While the death and resurrection of Jesus marks the holiest time on the Christian calendar, different cultures and nations celebrate in very unique ways. Here’s a look at seven of those traditions from across the globe.
Trinity College in Dublin, to be exact, holds many a wondrous treasure for the insatiable scholar and fewer curiosities for the vaguely obligated tourist. For me, it held one of the crown jewels of literature, The Book of Kells.
The suicide of former Peruvian President Alan García Pérez marks an unprecedented event in the country’s political history. García shot himself inside of his home when police arrived to arrest him for reports that he was the recipient of bribes in a corruption case known as “Lavajato.”
The faith-based film, starring Chrissy Metz of ‘This Is Us’ fame, opens nationwide April 17. It’s the story of a teen who slips into an icy lake and has no pulse — until his mother prays.
(COMMENTARY) Mayor Buttigieg of South Bend, Indiana - an openly gay man - has soared from obscurity to a talking point about whether the religious left can unite like the religious right did around Ronald Reagan.
As investigators continue to sift through the damage — which includes three massive holes in its vaulted ceiling — in an effort to pinpoint the cause of the inferno, French officials and architects are working on trying to determine how much money and time it will take to restore Notre Dame to its former glory.
(NEWS ANALYSIS) In the wake of the devastating fire at the Notre Dame Cathedral in Paris, insightful reporting of the event and reflections of its significance could be found across Twitter a day after the catastrophic blaze. Here are eight perspectives that stood out to us.
(NEWS ANALYSIS) The country’s incumbent president Jokowi, seen as a liberal “metalhead of state”, chose conservative Muslim cleric Ma’ruf Amin as his running mate to win votes from an increasingly conservative Indonesia. Meanwhile, Jokowi’s challenger Subianto has been wooing radical Islamist groups.
(COMMENTARY) Before Monday’s fire in Paris, a string of arson cases and other acts of desecration took place inside Catholic churches in France during Lent. In a country with a recent history of terrorism, these incidents somehow didn’t warrant any kind of attention from American news organizations. Even major outlets with a presence in Paris failed to adequately do so.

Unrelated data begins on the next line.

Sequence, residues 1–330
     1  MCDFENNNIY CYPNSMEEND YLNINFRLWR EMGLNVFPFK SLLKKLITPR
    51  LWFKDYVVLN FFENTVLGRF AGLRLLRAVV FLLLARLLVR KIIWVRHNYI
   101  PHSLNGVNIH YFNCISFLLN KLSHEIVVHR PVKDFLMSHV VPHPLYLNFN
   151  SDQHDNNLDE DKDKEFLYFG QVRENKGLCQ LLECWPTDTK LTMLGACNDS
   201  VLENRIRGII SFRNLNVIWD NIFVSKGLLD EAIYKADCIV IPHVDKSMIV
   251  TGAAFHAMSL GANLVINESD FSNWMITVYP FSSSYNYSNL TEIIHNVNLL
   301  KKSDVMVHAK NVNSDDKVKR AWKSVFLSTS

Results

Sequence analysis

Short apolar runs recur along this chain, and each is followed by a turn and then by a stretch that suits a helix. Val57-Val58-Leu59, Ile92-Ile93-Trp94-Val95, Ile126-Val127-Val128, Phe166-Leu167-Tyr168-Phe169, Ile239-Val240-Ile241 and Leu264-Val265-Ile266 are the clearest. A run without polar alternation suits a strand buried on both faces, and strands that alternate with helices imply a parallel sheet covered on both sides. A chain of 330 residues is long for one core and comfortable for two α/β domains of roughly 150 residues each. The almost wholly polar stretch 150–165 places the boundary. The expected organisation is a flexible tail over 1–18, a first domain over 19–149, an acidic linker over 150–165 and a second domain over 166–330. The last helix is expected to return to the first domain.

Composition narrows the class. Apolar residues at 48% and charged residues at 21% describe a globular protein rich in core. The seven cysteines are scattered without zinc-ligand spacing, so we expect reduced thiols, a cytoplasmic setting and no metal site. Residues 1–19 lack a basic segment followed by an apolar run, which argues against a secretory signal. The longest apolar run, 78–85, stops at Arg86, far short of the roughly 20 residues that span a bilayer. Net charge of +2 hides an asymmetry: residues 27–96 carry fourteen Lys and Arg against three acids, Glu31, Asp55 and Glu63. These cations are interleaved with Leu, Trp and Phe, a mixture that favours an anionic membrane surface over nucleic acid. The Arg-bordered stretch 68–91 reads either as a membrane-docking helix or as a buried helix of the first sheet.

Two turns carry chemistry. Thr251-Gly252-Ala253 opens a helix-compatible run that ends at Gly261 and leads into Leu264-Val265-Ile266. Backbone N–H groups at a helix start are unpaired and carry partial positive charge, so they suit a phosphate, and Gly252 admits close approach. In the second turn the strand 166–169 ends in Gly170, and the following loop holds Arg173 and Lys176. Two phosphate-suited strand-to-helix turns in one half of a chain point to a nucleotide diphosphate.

Every six months, before Passover in April and the Jewish New Year Rosh Hashanah in September, thousands of written prayers are picked out from the crevices of the wall to make way for new ones. The old notes are buried.
(COMMENTARY) The closing of the Southern Baptist Convention’s LIfeWay Christian Resources is just one example of how religious stores are grappling with what products they can or should sell and how to compete with online retailers.
A Mexican Catholic order is creating a $100 million pilgrimage retreat in Israel for Mary Magdalene devotees, with a special emphasis on feminism in the church. A biopic film on Jesus’s female follower will be released April 12 in the U.S.
(COMMENTARY) Again, it was conservative Catholic media that proved to be the preferred mouthpiece for Cardinal Robert Sarah and Pope Emeritus Pope Benedict XVI over the past week. Both men — with help from right-leaning news organizations — have been very vocal about the problems plaguing the church.
(NEWS ANALYSIS) India’s general election opens polls April 11 to May 19, with the final count expected May 23. Leaders of India’s minority faith communities are telling their flocks to elect candidates committed to pluralism and respect for everybody’s faiths amidst growing intolerance blamed on Prime Minister Narendra Modi’s Hindu nationalist party.
(COMMENTARY) While many Christians of various denominations have had to reconcile church teachings with that of who they prefer at the ballot box, the issue has not been fully explored in the mainstream press. At a time when pandering to one side is better for the bottom line, such journalistic discoveries of this grey zone are left underreported. Is covering both sides fueling political polarization?